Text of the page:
A complex gastrointestinal disorder, Irritable bowel syndrome (IBS) has a wide range of symptoms that affects how the colon functions. Individuals who have IBS suffer from stomach pain, abnormal bowel movements, and gas on a regular basis. Although there is no known cure, individuals should monitor what they eat and make the right food choices, which can improve the symptoms and make the condition easier to live with.
A high fiber diet can improve intestines and alleviate diarrhea and constipation. IBS suffers should get 25-30 grams of fiber a day, which can be found in prunes, apples, beans and citrus fruits, whole grain breads, and vegetables. Individuals with IBS can also take psyllium, found in many supplements such as Metamucil, that can be added to foods and drinks.
Individuals who have IBS should consume eight 8-ounce glasses of liquids a day, which can reduce constipation. Water is naturally detoxifying and helps refresh and hydrate the organs such as the intestines. This can also include diluted tea and some juices.
A standard meal plan should be rich in fiber, low in fat, and limited dairy. Those who have IBS should be sure to eat three meals a day and two or three snacks. Some foods that someone with IBS can eat include: whole-grain bread and cereals, low fat cheese, lean meat, beans, vegetables, and fruit.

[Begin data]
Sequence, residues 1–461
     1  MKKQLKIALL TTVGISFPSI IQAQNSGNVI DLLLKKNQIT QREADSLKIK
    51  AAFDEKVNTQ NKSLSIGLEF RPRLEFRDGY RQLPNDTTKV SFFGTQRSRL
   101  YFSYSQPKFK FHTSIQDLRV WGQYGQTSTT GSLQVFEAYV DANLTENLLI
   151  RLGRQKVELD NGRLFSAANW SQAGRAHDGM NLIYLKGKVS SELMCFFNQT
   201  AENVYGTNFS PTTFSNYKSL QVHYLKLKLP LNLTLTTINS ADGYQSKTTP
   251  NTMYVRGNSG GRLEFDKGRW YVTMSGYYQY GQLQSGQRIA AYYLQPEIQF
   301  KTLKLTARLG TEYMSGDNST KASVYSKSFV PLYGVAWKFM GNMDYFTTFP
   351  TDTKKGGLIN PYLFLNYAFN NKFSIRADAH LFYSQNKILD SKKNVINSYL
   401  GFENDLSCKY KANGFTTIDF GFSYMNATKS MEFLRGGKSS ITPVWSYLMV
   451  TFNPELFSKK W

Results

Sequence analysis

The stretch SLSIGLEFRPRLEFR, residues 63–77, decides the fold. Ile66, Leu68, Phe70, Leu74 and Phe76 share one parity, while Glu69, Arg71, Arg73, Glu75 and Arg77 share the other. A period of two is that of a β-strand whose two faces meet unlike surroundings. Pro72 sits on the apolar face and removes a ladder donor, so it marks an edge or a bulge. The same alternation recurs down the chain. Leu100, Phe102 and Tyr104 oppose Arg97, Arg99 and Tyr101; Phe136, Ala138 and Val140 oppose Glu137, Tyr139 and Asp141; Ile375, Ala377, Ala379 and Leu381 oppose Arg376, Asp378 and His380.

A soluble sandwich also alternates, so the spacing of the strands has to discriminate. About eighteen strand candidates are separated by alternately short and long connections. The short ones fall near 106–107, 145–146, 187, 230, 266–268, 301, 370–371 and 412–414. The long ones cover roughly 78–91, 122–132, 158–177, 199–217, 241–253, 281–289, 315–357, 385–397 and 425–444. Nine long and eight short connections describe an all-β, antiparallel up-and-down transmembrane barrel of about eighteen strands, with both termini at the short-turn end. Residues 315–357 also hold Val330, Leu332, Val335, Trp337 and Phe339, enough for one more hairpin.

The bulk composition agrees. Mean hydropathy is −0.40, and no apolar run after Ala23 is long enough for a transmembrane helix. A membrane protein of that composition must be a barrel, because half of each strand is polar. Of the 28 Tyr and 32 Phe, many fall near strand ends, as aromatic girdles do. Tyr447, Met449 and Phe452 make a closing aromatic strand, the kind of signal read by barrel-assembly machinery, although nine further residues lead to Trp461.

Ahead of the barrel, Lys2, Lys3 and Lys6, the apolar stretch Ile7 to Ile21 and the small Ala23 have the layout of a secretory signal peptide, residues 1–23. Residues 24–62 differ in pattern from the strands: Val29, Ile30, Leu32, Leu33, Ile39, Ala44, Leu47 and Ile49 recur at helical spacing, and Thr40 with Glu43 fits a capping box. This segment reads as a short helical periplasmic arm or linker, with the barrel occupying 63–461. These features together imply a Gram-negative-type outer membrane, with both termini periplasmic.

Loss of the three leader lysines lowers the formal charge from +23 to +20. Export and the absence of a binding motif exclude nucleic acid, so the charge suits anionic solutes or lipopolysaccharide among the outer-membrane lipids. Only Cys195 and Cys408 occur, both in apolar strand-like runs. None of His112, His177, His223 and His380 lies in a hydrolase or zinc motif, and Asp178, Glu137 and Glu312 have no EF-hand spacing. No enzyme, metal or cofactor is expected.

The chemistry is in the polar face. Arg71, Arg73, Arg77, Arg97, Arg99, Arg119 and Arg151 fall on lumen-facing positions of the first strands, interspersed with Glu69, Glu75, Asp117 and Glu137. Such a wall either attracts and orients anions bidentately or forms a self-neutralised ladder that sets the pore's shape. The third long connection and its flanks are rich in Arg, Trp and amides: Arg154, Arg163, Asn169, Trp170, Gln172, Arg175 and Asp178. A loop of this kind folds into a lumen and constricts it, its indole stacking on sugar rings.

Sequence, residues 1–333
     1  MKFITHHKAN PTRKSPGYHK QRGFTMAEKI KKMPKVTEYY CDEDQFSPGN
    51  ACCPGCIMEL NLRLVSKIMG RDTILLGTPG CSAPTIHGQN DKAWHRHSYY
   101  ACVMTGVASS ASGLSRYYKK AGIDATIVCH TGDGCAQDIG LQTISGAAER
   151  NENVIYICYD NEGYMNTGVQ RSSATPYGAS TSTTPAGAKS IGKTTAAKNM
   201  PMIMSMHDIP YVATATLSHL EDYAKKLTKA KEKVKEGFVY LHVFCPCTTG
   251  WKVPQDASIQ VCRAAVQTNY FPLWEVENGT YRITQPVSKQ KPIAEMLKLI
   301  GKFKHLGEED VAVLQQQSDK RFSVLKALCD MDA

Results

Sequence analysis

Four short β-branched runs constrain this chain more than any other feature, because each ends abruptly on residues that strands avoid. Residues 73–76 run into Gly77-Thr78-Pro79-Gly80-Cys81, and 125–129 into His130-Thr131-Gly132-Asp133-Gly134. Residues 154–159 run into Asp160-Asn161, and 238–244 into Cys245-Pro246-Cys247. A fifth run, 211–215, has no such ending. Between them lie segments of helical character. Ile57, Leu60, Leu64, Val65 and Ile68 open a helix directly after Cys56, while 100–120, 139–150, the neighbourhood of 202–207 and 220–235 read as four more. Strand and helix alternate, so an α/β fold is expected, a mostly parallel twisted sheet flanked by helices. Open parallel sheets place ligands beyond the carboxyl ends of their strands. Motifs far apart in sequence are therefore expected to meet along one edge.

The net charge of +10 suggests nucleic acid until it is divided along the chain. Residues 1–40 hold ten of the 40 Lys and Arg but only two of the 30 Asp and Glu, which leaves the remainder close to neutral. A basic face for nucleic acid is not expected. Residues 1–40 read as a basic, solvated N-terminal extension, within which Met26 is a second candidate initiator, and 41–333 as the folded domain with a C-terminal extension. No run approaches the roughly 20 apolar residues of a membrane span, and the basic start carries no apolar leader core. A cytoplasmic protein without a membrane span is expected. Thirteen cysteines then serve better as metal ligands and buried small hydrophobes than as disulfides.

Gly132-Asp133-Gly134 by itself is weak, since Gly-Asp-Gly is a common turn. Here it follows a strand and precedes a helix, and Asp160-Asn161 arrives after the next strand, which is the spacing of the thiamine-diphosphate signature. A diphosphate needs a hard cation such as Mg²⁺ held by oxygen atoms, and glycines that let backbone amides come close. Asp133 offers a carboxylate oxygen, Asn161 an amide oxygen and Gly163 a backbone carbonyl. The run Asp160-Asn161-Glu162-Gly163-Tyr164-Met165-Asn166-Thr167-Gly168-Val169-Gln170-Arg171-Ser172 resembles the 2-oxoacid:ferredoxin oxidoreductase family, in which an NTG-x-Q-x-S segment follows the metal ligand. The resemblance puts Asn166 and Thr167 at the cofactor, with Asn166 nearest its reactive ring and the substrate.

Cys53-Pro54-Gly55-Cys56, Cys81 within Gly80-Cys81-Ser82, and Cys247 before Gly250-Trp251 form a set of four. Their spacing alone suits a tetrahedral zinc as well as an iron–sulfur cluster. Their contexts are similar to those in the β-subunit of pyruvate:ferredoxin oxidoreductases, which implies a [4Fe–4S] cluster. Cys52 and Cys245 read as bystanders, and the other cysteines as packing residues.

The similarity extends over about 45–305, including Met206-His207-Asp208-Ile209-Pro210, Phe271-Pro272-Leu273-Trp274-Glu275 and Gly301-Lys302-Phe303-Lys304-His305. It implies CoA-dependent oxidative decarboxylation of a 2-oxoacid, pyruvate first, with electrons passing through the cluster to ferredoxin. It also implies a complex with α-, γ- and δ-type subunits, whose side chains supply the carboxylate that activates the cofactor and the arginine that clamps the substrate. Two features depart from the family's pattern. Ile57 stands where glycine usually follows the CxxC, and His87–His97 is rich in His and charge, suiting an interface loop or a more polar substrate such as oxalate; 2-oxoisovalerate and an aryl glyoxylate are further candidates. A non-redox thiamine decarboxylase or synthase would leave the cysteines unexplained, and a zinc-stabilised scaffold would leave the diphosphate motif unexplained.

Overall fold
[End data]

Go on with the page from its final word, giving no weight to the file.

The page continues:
Foods To Avoid with IBS
One particular food does not cause IBS, but certain foods can aggravate the disorder and make people feel worse. Drinks that contain caffeine such as coffee, and soft drinks should be limited, as well as refined and processed foods such as white bread, dairy, alcohol, fat, chocolate, and cookies. These foods can cause intestines to contract, which may cause cramping, gas, and diarrhea.
Eating quickly and under stressful situations can aggravate the intestines and cause bowel problems. IBS sufferers should eat slowly and in a relaxing environment to reduce symptoms.
IBS suffers should track what they eat and how it makes them feel in a food diary. Since every IBS suffer is different, food may have a different effect on each person. Knowing what aggravates the intestines can help people with IBS know what their trigger foods are so they can avoid them.